The latest addition to Sandvik’s Bolter Miner family is the MB 610.

More than 20 years ago, Sandvik introduced the bolter miner to the coal mining industry with the first machine at Australia’s Tahmoor Colliery. The bolter miner concept quickly spread to other coal mining countries. Over time, with input from many longwall mines interested in improving advance rates, the machines continued to evolve.

The latest addition to Sandvik’s Bolter Miner family is the MB 610. With improved safety features and ergo-nomics, it was designed to increase productivity. In addition to flexible roof-bolting techniques, this bolter miner has demonstrated an improved life span for components. It is capable of cutting through hard intrusions as well.

The MB 610’s unique slow-cutting speed provides high-cutting forces, resulting in an increased cutting rate and reduced dust creation. Two of these machines are currently proving their worth at CONSOL Energy’s Bailey complex, which is one of five U.S. longwall mines operating two longwall faces. Working with the first machine, the development teams at the Bailey mine have advanced more than 56,000 ft, with an average shift advance of more than 120 ft during 2012.
One of the most important factors for longwall mining is panel development. The longwall panels must be mined before the active face reaches the stop line. With development, time is money. Many efforts have been made to increase development speed and improve safety. This article aims to show how hard rock cutting principles can be applied to longwall mining to improve performance and safety.

Introducing the Concept
The first Sandvik Bolter Miner was introduced to the Australian coal industry in the early 1990s. At the time, the machine was known as the ABM 20, which was designed and built by the Austrian company, Voest Alpine Bergtechnik, which was later acquired by Sandvik in the late 1990s. The machine showed its potential and it soon spread to other countries, including South Africa, the U.S., China and Russia. A total of 300 bolter miners have been delivered since inception and most are employed in longwall roadway development. They can also be used for room-and-pillar mining in soft rock operations such as salt mines and potash mines.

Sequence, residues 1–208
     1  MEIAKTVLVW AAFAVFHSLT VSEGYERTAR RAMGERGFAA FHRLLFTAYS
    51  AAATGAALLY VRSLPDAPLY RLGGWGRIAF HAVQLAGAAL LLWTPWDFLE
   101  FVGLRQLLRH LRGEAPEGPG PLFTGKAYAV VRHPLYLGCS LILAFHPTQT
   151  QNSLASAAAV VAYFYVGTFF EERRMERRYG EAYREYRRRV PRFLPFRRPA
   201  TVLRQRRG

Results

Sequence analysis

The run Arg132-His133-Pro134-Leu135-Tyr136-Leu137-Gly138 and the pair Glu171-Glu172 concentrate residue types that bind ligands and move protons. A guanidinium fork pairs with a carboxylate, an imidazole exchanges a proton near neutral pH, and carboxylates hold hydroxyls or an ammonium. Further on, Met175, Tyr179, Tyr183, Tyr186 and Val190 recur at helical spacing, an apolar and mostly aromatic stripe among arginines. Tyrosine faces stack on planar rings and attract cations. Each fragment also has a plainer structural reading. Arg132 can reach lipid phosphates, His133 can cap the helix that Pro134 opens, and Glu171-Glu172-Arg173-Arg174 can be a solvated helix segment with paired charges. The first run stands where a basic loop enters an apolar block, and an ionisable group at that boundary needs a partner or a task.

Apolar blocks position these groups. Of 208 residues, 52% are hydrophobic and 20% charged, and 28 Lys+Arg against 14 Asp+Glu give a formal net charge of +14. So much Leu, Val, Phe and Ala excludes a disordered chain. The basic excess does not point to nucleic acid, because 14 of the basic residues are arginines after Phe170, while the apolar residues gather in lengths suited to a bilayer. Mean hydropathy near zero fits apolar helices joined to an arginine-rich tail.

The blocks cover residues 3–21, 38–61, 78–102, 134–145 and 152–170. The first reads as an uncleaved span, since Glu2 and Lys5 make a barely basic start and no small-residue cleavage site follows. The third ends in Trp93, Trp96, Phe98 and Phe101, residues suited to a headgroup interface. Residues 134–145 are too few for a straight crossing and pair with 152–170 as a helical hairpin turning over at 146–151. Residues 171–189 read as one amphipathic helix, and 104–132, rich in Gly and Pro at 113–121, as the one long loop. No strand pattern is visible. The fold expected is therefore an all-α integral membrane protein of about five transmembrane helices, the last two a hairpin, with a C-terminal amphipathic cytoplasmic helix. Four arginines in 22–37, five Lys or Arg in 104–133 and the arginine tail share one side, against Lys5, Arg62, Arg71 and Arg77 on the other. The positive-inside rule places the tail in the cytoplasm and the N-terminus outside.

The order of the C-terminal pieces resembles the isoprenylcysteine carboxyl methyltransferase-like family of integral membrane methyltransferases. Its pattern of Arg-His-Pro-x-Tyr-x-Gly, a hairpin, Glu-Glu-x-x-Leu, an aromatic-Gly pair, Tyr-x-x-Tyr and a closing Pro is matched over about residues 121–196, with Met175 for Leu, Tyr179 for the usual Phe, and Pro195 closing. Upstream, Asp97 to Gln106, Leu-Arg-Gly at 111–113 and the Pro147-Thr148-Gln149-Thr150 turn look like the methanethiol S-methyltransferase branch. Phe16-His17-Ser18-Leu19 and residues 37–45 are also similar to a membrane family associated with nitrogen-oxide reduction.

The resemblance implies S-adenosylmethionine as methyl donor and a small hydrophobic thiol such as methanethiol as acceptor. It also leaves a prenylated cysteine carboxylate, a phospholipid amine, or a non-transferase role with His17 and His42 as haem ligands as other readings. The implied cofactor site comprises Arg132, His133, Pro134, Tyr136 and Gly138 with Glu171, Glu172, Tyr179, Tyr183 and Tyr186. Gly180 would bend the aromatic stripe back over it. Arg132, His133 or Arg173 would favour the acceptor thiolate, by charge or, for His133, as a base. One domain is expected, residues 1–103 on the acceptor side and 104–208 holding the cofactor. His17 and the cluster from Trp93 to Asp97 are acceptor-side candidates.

The MB 600 includes various models with different operating heights ranging from 7.5 to 14.5 ft. The U.S. predominantly uses the MB 450 and new MB 610. The MB 670 is popular in Canada.

The Operations Sequence
A bolter miner combines a roof- and rib-drilling machine and a continuous miner. It drills and bolts while it cuts and conveys coal to the rear of the machine. The key feature is the sliding frame, which allows simultaneous mining and bolting. The sliding frame carries the cutter-head and allows a longitudinal travel of 39 in. to 55 in., depending on the machine model, relative to the machine body, which carries the support and bolting units.

GRD Image2The MB 610 now offers more space on the roof bolting deck and better lighting.

The MB 610 trams on crawler pads and it uses hydraulic power to sump the sliding frame. As many as four roof-bolting rigs and two rib-bolting rigs can be integrated on the machine’s main frame.

A typical operating cycle begins by tramming the machine up to the face and putting it into the cutting position. Two to four stab jacks are lowered to the mine floor and an automated temporary roof support (ATRS) canopy is set against the roof. This guarantees a high level of safety for the roof bolters, who are working under the temporary roof.

The operating cycle continues with the bolting mode being engaged. The bolters start their activities. The cutter boom is raised and the loading apron is moved forward. They load the material toward the end of the machine.

The steps of the machine’s operation cycle are repetitive, which improves safety and reduces operational delays.

The stability of the machine and Sandvik’s cutting technology allows the same efficient coal cutting process to be used in harder cutting conditions, such as sandstone intrusions. Hydraulically controlled sump-in action on the cutter-head from a stabilized machine reduces the damage to the mine floor. An integrated system with ducts, curtains and water sprays controls dust at the face.

During the last year, a special emphasis has been placed on mine safety. Sandvik has made ergonomic improvements to the machine based on mine accident statistics from around the world. Improved lighting reduces the potential for tripping hazards. The size of operator platforms has been greatly increased and the controls are displayed in a much more ergonomic fashion. In fact, Australians are now using automated push-button controls for the bolters. The data coming from these control systems can be used to map the roof and create a strata profile.

About 20 years ago, Sandvik developed the wet-head spraying system for its roadheaders. Learning how different configurations operated, they modernized and simplified the system. The new design of water spray bars behind the cutter-head provides efficient dust suppression and improved methane ignition protection. Different spray configuration systems are available. For example, the incentive temperature protection (ITP) system or a combined water plus compressed air system reduces water consumption.